Could the Next President be a Lay-Person?


Fordham considers the possibility that a lay-person could replace Father McShane as president at the end of this year. (Courtesy of Fordham News)

On Sept. 2, 2021, Rev. Joseph M. McShane, S.J., President of Fordham University, announced in an email to the Fordham community that this will be the last academic year he serves in his position. Roughly a month later, on Sept. 30, 2021, Fordham’s Board of Trustees announced in an email to the university community that a search committee for the next president of the university has been appointed.

“The committee, composed of trustees, faculty, staff, and students, is broadly representative of the Fordham Community,” the board announced in their email. 

The search for the next president of the university is raising many questions among students and faculty about the possibility of Fordham’s next president being a lay-person, possibly even a woman. According to the Fordham University library guides, every one of Fordham’s past 33 presidents has been a member of the Society of Jesus, dating back to the founding of the university in 1841. The choice to appoint a lay-person, especially a woman, to the position of president would be historically unprecedented, as well as potentially controversial 

According to Xavier University’s “Guide to Jesuit Education,” the foundation of Jesuit universities are “based on a 450-year-old tradition that aims to form high school and college students intellectually, morally, and spiritually toward lives of solidarity, service, and professional success.” Moreover, Jesuit institutions are known and recognized for being directed by members of the Society of Jesus. The major values promoted by a Jesuit education include “cura personalis, discernment, finding God in all things, Magis, reflection, service rooted in justice and love, solidarity and kinship,” according to the guide.

Furthering the debate, students and faculty question whether or not a lay-person would be capable of effectively leading the university in its Jesuit mission as the next president of Fordham University. Julianna Cavallaro, FCRH ‘22, said, “I’d be open to Fordham having a lay person as the next president, as long as the Jesuit ideals are still maintained because they are so foundational to our identity.”

While Fordham is a Jesuit institution instilled with a deep tradition of religious values, the student body is made up of students from a wide variety of spiritual backgrounds. As a non-religious student, Olivia Goldberg, GSB ‘22, said that while she “respect[s] the Jesuits and understand[s] the traditional value they bring to the school,” she does not feel “especially tied to the Jesuit community here.”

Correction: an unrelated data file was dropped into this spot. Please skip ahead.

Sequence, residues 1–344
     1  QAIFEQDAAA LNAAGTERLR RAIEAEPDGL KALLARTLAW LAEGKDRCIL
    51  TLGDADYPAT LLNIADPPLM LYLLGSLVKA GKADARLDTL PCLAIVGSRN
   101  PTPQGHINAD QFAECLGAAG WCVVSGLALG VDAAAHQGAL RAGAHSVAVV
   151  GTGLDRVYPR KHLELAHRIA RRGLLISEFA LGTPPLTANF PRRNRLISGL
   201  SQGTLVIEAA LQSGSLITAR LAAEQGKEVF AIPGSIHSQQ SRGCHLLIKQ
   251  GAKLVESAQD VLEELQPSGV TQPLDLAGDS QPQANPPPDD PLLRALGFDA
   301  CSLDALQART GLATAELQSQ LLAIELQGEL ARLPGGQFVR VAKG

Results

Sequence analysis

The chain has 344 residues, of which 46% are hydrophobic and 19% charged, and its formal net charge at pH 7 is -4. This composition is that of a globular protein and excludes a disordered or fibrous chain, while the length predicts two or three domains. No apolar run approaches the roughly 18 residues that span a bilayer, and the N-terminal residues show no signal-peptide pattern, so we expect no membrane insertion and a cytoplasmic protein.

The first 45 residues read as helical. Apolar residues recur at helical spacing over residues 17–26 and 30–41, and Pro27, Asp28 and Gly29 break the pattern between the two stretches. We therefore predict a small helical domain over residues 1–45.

“If the president of Fordham was someone who all students could better relate to, or if s/he has a background that is more strongly rooted in broader education (rather than religious education), I think this would be a more representative leader of the students at Fordham,” said Goldberg.

If the Fordham search committee were to appoint a lay-person as the next president, they would not be the first Jesuit institution to do so. According to an article in The Cincinnati Enquirer, there are currently “15 lay presidents and three female presidents across the nation’s 26 other Jesuit, Catholic universities,” including Xavier University’s recent appointment of female president Colleen Hanycz, Ph.D. 

According to the article “Do we need priests to run Catholic Colleges” in U.S. Catholic, the transition to appoint lay-people as presidents of Jesuit institutions stems back to Georgetown University’s naming of John J. DeGioia as the first lay president of the university. This appointment initially sparked protest among “some Jesuits and Georgetown graduates who felt it represented a major breach with tradition,” according to the article. However, the decision was later favored by many who felt that DeGioia’s fundraising abilities and commitment to social justice reflected his ability to be a successful president. 

According to the article “Meet the women leaders who are transforming Jesuit higher education,” in American Magazine, other universities who have appointed laywomen as presidents include Linda LeMura at LeMoyne College, Jo Ann Rooney at Loyola University Chicago and Tania Tetlow at Loyola University New Orleans. In the article, author Emma Winters highlights the challenges faced by universities today including “prepar[ing] students for a diverse job market while maintaining a free exchange of ideas,” as well as being “diverse and inclusive” and “keep[ing] a college affordable and accessible while providing the best education possible.”

Luke Corrado, GSB ’22, said he believes that “leaders should be appointed based on their qualifications and abilities.” He told The Ram that he “trusts the presidential search committee to appoint the most qualified person regardless of race, gender, religion, or sexual orientation.”

The many factors that must be considered when making this decision are all challenges that Fordham’s search committee will face in the coming months as they begin the process to select McShane’s successor. According to the board of trustees, the search committee expects to announce its choice for the position by early 2022.